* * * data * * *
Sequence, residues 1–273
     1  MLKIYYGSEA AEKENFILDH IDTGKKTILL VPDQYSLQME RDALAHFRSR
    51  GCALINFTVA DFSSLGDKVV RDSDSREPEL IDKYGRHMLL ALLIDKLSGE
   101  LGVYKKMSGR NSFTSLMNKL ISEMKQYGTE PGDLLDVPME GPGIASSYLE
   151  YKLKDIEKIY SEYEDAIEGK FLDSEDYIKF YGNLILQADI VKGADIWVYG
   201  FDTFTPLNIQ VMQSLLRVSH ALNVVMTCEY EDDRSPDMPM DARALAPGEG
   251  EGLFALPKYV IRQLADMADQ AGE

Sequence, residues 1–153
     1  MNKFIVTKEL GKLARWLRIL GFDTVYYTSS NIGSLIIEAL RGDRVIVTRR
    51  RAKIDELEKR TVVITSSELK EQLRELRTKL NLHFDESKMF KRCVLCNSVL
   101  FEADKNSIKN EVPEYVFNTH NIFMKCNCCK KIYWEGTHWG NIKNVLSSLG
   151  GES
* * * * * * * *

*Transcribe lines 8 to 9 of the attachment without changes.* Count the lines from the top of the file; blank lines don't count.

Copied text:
Sequence, residues 1–153
     1  MNKFIVTKEL GKLARWLRIL GFDTVYYTSS NIGSLIIEAL RGDRVIVTRR